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40 Terms of Stock Market That You Must Know.

40 Stock Market Terms That You Must Know.

Here are the 40 Terms of Stock Market That You Must Know. And these terms may help you in your daily trading method, and you can use these terms to create new strategies.

Here are the 40 Stock Market Terms That You Must Know.

Bull:

An investor who thinks the market, specific security, or an industry will rise.

Bear:

An investor who believes that a particular security or market is headed downward is indicative of a bearish trend—Bears attempt to profit from a decline in prices. Bears are generally pessimistic about the state of a given market.

Fundamental Analysis:

A method of evaluating securities by analyzing statistics generated by market activity such as past prices and volume is defined as ‘Fundamental Analysis.’ Technical analysts do not attempt to measure a security’s intrinsic value but instead use charts and other tools to identify patterns that suggest future activity.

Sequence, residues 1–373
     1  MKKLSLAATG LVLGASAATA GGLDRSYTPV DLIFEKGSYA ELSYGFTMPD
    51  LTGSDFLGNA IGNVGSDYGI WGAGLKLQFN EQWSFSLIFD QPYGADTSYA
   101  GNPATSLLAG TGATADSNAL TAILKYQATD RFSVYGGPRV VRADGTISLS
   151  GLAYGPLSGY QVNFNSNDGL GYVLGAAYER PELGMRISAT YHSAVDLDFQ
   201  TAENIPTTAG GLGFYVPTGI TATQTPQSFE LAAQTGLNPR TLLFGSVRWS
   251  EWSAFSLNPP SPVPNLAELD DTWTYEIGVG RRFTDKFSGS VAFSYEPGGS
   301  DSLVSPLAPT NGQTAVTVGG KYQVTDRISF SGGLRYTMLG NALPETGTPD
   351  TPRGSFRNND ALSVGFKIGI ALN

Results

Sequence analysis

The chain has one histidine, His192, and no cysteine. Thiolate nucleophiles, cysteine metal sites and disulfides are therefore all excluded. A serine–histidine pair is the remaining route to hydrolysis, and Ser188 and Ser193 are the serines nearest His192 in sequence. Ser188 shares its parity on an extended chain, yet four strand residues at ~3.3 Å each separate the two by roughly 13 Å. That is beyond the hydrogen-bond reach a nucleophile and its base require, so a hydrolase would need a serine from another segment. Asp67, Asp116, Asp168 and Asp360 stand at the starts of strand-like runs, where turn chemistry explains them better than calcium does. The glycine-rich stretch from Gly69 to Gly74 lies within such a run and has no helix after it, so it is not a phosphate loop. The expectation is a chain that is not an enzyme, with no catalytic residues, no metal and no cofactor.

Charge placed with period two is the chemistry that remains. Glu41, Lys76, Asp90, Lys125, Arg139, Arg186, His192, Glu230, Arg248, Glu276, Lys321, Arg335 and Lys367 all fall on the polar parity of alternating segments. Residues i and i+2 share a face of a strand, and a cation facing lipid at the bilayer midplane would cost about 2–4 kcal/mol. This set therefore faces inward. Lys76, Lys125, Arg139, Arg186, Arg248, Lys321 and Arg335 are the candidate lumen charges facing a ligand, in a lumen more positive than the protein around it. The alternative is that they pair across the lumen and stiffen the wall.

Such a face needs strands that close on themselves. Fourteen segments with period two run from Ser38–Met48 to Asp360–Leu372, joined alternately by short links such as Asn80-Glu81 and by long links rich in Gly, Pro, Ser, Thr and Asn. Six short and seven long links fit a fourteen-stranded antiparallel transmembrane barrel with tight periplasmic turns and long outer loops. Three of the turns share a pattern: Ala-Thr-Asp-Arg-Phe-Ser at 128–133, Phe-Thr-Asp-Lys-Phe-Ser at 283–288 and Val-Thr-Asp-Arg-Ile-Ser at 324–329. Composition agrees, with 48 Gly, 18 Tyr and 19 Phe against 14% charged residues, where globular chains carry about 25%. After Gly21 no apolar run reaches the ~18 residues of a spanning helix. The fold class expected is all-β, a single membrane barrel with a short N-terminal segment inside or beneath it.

Technical Analysis:

This is a method of evaluating securities by analyzing statistics generated by market activity, such as past prices and volume. Technical analysts do not attempt to measure a security’s intrinsic value but instead use charts and other tools to identify patterns that suggest future activity.

Breakout:

A price movement through an identified level of support or resistance, usually followed by heavy volume and increased volatility, is a ‘breakout.’ Traders will buy the underlying asset when the price breaks above a resistance level sell when it breaks below support. A breakout is a bullish counterpart to a breakdown.

Distribution:

Distribution is when trading volume is higher than the previous day without any price appreciation.

Double Top:

A term used in technical analysis to describe the rise of a stock, a drop, another rise to the same level as the original rise, and finally another drop.

Double Bottom:

A charting pattern is used in technical analysis. It describes the drop of a stock (or index), a rebound, another drop to the same (or similar) level as the initial drop, and finally another rebound.

Downtrend:

A Downtrend describes the price movement of a financial asset when the overall direction is downward. A formal downtrend occurs when each successive peak and trough is lower than those found earlier in the trend.

Exhaustion: